Sites like DALL-E 2 and Midjourney are stirring up creativity and controversy, but do they have any implications for the promotional products world?
Remember a few months ago when a former Google engineer told news organizations he believed the company’s artificial intelligence had gained sentience? The unsettling notion was pretty widely discredited, but even though AI isn’t coming to life and gearing up for a “West World”-style battle royale anytime soon, it’s certainly getting “smarter” and seemingly more creative than previous iterations.
Look no further than the explosion of AI-generated art from sites like DALL-E 2 and Midjourney, which allow users to type up text descriptions – from the serious to the silly – so the AI can churn out imagery illustrating that concept. DALL-E 2, which recently came out of beta and removed its waitlist, has more than 1.5 million users actively creating over 2 million images a day, according to OpenAI, the company behind the service.
A surrealist painting of a logoed coffee mug on a desk, via DALL-E 2.
The sites have been the subject of hilarity everywhere, from late night TV – John Oliver had a segment about people using AI art generators to show him marrying a cabbage – to family group chats – or maybe that’s just my family, where my brother (who had an early invitation to DALL-E) would gamely conjure up images like a “relief sculpture of Santa using an ATM,” “latte art of Teddy Roosevelt” or an “Impressionist watercolor of a giant squid playing poker.” Granted, the latte art was more teddy bear than a foamy likeness of our 26 president, and Santa was trying to get cash from an “AMT.” But that squid really looked like he was about to call. The quirky AI art left me equal parts amused and intrigued.
I’m not alone, of course. AI art has piqued the interest of a broad range of creators. Fabian Stelzer has been creating an entire AI-generated movie – with the low-budget aesthetic of a ’70s-era sci-fi pulp film. He uses tools like Stable Diffusion, Midjourney and DALL-E 2 to create imagery, AI voice generation tools like Murf or Synthesia for the dialog and text-generator GPT-3 to help with script writing. Every few weeks, he’ll release an installment of “Salt” on Twitter then let viewers vote on what should happen next.
Several news organizations have experimented with AI art. The Bulwark, a political news and analysis site, recently started using AI to illustrate its articles, with the editor later explaining in a newsletter that no one employed by the site internally or on a freelance basis lost work because of his experimentation with Midjourney. The Economist created an AI-generated cover as part of a story about AI.
But the proliferation of AI art has also raised hackles and sounded some alarm bells. Among the questions: Will AI cause human artists and illustrators to lose out on paying gigs? Does AI-generated imagery “count” as art? How might these services be abused by malicious bad actors?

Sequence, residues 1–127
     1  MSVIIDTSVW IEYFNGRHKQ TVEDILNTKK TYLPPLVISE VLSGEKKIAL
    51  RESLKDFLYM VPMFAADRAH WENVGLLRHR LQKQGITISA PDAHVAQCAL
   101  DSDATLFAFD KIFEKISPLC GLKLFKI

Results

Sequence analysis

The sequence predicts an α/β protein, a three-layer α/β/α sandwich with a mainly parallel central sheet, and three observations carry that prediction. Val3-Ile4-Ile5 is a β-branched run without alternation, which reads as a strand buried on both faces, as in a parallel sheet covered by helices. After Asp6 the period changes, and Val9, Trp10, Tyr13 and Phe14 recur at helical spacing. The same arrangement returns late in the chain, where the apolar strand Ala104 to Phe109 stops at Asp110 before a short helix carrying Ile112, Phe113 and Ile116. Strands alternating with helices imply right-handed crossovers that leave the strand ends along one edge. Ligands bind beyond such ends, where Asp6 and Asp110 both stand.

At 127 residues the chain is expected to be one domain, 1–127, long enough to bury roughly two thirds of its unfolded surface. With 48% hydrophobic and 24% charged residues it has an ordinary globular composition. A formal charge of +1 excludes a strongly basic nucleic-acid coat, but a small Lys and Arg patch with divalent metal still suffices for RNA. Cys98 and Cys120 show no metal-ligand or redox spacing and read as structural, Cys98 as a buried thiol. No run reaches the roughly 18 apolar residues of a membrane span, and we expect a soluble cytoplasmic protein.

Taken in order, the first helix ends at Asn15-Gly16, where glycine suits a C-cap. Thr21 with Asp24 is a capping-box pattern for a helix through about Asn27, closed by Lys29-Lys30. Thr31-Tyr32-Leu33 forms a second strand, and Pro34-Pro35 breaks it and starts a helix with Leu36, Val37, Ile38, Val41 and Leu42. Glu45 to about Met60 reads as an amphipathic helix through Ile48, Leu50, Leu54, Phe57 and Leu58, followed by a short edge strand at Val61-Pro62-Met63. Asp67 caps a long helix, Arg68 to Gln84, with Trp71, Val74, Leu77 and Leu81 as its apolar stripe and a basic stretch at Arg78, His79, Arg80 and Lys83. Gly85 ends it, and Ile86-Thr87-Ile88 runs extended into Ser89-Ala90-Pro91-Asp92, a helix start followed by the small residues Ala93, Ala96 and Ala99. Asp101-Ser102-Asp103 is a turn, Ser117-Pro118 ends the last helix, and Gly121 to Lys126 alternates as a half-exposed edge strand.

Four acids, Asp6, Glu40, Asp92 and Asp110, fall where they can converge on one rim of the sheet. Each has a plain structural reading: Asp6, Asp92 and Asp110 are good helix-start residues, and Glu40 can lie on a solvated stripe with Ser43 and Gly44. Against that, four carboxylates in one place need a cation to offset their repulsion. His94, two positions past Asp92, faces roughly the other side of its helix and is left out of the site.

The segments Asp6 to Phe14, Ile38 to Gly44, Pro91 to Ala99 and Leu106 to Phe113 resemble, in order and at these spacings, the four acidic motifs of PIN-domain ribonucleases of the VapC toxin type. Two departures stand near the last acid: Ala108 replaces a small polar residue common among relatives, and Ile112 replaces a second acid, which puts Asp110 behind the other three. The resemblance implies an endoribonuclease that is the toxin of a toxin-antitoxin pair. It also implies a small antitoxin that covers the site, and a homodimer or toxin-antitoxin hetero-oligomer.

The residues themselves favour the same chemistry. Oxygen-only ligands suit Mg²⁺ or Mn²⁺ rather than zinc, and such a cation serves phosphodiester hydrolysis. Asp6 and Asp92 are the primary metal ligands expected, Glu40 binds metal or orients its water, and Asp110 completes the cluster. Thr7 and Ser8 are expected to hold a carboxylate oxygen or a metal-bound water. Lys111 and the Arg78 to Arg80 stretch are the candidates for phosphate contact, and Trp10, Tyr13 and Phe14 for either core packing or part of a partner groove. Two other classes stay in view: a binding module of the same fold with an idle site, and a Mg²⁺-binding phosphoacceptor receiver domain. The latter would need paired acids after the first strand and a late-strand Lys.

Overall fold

Controversies and confusion have swirled around the use of AI art generators. Earlier this year, the Colorado State Fair awarded a blue ribbon to Jason M. Allen for an image he created using Midjourney, sparking a backlash from other artists who accused him of cheating, according to the New York Times. People have also been cashing in by flooding stock image sites with AI-generated art, though there are no standards yet on who owns the generated imagery. Earlier this summer, Atlantic writer Charlie Warzel found himself the dreaded “Main Character” on Twitter after using an image created via Midjourney to illustrate his newsletter.
“To developers and technically minded people, [AI is] this cool thing, but to illustrators it’s very upsetting because it feels like you’ve eliminated the need to hire the illustrator,” cartoonist Matt Bors told Warzel. “Go to a website and most of the image content is hosted elsewhere. Articles are full of embedded tweets or Instagram posts or stock photography. The bottom came out of illustration a while ago, but AI art does seem like a thing that will devalue art in the long run.”
Promotional products companies – particularly those that provide logo and graphic design services – likely also have concerns about AI art. I’m reminded of a story my colleague Chris Ruvo wrote a few years ago about an AI tool that could instantly generate brand logos. The resulting logos weren’t fantastic – more of a starting point than a finished product – but it’s clear the technology is only going to get better.
Right now, DALL-E 2 has trouble creating a realistic-looking water bottle or rendering a recognizable logo on a coffee mug. (I know because I asked it to create a bunch of virtual merch, with varying levels of success, as you can see interspersed throughout this story.) But that’s not always going to be the case. It remains to be seen whether AI art generation will become just another tool in a distributor or decorator’s toolbox or more of an existential threat to creative services they offer. In the meantime, it’s worth keeping an eye on how the technology continues to develop. I know I will be.